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By John Stonestreet
On many college campuses, a movement is afoot to shut down statements or topics that might offend some people, or that will “trigger” unpleasant feelings or emotions. They’re called “microagressions.” And what qualifies as a “microagression” that may “trigger” someone these days can get downright ridiculous.
For example, earlier this year at Brandeis University, an Asian American student group put up a display with comments such as, “Aren’t you supposed to be good at math?” and even “I’m colorblind! I don’t see race.” Well, even this was too much for some other Asian students, who said the display itself was offensive—and had it taken down. Meanwhile, the University of California system has deemed many statements, including “America is the land of opportunity” and “I believe the most qualified person should get the job,” to be offensive.
Now you can’t make this stuff up, but it’s no laughing matter.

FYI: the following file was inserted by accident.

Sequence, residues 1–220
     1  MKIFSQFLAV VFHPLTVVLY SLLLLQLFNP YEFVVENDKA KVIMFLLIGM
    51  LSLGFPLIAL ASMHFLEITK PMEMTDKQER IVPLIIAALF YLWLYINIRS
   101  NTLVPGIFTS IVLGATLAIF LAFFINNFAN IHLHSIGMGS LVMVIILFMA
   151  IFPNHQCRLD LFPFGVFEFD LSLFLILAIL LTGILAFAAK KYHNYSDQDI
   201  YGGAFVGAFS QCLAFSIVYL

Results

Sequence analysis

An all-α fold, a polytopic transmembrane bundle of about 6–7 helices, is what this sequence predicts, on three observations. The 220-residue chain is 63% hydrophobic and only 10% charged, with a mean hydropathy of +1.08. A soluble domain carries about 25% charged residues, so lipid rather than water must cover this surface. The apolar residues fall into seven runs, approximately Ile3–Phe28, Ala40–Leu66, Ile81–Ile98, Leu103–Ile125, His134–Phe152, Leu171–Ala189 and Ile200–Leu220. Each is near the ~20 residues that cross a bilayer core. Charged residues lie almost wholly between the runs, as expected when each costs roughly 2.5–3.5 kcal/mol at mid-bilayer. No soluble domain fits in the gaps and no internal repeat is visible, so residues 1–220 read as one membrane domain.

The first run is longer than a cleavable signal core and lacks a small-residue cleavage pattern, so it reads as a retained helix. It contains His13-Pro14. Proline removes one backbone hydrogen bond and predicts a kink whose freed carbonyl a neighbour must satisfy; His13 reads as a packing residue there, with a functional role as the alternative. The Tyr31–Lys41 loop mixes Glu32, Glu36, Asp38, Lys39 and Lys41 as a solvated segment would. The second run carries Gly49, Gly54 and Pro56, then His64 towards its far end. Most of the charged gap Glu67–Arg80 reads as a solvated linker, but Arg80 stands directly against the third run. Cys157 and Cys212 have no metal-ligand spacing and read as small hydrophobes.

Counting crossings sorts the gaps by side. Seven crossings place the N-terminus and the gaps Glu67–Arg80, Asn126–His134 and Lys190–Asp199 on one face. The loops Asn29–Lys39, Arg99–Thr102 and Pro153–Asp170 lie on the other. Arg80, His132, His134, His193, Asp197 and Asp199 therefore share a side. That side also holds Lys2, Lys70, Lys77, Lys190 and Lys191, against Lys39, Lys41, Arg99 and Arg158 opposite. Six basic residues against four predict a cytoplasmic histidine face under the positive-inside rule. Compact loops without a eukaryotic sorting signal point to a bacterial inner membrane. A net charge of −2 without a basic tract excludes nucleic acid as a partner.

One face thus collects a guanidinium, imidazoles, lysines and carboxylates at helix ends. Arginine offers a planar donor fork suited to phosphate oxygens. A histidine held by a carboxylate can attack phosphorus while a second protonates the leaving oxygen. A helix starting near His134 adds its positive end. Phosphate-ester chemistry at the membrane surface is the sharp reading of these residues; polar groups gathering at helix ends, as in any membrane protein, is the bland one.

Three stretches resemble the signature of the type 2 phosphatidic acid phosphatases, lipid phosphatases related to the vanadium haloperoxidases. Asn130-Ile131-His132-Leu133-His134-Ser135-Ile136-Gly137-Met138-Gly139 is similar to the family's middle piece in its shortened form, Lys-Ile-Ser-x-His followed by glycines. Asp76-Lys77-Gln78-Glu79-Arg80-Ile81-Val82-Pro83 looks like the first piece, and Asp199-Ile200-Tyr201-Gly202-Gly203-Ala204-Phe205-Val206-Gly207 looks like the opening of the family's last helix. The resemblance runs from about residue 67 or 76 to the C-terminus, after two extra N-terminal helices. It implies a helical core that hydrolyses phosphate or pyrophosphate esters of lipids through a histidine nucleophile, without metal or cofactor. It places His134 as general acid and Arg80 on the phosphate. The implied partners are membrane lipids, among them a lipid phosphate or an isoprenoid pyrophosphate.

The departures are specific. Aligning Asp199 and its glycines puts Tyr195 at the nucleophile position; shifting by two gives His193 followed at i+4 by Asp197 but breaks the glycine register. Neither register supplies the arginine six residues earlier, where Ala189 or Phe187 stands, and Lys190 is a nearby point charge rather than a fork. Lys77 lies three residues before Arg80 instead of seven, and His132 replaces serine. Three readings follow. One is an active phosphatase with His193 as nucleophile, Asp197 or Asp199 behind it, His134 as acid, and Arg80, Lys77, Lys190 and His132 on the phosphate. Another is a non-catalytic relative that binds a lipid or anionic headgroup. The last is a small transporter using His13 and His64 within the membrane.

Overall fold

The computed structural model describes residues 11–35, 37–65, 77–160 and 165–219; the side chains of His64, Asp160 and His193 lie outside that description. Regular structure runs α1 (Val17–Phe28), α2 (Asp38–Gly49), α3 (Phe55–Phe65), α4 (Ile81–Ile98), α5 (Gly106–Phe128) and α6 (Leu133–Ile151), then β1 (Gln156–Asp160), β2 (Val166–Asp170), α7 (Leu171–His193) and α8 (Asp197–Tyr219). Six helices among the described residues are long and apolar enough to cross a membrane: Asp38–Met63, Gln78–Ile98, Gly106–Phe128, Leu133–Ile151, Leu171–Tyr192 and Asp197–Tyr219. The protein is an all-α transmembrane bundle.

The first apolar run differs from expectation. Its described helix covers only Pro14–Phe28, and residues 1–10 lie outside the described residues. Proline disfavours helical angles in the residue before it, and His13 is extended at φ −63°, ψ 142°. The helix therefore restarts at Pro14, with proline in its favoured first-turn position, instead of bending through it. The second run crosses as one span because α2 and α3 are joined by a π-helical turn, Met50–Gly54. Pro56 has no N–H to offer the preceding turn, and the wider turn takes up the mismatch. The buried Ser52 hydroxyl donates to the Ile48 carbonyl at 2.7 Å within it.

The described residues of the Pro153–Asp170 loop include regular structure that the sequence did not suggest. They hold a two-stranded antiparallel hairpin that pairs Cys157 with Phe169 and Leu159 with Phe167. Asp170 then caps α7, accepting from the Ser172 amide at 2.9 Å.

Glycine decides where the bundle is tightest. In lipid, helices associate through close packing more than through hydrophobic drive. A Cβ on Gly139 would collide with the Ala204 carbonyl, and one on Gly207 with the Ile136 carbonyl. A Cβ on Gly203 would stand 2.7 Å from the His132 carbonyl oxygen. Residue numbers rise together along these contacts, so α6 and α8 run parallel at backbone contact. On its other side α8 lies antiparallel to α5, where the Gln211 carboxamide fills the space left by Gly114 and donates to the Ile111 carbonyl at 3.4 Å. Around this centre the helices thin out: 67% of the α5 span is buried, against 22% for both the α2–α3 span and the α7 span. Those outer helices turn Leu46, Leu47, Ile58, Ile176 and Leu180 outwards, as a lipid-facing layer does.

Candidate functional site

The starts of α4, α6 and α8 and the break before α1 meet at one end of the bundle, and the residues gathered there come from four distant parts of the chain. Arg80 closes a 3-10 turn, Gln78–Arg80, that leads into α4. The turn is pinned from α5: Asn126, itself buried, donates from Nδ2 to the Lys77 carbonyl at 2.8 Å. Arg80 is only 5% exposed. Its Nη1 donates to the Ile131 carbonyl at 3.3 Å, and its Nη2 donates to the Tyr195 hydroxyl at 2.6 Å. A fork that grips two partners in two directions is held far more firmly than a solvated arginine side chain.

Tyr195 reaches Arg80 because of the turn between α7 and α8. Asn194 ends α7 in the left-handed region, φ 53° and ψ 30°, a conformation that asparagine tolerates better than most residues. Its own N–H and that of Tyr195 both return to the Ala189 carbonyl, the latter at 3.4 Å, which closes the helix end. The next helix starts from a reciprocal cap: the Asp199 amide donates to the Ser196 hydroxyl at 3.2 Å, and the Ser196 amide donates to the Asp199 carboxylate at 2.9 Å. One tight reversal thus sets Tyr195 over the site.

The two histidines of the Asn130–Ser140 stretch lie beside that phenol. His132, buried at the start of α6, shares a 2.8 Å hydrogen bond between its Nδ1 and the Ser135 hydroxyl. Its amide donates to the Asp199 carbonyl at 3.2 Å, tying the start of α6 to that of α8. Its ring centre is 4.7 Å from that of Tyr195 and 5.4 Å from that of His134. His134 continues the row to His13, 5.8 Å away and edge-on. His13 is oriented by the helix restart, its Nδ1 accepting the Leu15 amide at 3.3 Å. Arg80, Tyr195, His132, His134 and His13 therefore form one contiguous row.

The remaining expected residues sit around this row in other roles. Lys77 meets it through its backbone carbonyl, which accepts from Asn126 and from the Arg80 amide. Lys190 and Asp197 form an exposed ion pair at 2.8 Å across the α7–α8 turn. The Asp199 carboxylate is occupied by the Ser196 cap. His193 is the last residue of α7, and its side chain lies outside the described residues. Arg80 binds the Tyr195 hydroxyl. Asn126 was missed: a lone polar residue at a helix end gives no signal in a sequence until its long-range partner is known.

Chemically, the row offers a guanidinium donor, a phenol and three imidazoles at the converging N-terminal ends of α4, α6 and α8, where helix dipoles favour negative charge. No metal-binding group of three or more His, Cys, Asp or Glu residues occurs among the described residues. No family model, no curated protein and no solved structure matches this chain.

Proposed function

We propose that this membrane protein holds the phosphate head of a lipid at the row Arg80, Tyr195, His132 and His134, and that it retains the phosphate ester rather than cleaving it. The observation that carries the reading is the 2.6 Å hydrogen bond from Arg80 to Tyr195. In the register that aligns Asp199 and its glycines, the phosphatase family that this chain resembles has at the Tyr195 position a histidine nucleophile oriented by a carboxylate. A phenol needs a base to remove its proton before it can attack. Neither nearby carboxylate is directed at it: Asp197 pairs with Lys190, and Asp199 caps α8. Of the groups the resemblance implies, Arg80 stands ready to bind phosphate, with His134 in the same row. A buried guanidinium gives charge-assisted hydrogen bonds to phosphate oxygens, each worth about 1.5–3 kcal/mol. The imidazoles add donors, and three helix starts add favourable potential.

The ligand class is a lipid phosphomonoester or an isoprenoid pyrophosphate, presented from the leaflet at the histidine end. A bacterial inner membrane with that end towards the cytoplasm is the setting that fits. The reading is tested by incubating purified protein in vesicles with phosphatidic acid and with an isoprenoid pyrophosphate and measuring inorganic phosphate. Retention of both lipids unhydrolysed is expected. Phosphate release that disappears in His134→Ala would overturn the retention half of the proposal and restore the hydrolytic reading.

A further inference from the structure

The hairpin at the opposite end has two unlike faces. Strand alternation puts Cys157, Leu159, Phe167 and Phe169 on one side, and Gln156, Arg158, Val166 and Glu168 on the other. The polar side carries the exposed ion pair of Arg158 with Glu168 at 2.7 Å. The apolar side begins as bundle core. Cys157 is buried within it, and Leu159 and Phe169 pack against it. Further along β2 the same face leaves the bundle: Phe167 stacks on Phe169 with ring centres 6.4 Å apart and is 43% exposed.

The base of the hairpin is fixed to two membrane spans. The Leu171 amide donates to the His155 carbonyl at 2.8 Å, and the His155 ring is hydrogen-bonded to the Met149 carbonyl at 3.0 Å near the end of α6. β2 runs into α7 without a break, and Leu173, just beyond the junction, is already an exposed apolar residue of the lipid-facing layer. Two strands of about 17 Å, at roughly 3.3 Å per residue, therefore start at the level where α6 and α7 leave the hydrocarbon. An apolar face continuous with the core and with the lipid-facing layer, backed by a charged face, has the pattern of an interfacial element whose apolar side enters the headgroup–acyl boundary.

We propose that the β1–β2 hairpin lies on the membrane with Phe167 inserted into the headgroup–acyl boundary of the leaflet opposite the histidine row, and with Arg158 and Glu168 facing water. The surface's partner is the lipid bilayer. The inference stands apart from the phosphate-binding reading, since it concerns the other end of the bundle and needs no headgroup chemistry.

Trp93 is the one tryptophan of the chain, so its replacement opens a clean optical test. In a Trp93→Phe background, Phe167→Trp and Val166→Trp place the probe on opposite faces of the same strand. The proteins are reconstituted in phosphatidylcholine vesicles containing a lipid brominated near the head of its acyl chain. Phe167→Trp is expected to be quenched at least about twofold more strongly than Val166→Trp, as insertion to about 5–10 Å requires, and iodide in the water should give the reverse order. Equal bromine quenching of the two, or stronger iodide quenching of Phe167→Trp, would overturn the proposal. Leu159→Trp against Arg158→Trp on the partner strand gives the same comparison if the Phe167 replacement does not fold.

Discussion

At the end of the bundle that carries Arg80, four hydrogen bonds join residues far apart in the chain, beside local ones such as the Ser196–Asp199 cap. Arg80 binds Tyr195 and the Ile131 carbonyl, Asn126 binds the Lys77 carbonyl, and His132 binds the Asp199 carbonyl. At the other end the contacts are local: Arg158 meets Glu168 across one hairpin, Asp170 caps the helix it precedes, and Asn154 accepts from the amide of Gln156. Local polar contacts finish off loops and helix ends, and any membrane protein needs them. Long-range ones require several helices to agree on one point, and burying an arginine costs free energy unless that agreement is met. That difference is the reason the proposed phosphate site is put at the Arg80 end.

In The Atlantic, Greg Lukianoff and Jonathan Haidt note that “The ultimate aim, it seems, is to turn campuses into ‘safe spaces’ where young adults are shielded from words and ideas that make some uncomfortable. And … this movement seeks to punish anyone who interferes with that aim, even accidentally. You might call this impulse vindictive protectiveness. It is creating a culture in which everyone must think twice before speaking up, lest they face charges of insensitivity, aggression, or worse.”
Lukianoff and Haidt correctly observe that such foolishness is anathema to the very idea of higher education—that the campus should be a place where tough questions can be asked without fear or favor, and where students are taught not what to think but how to think…
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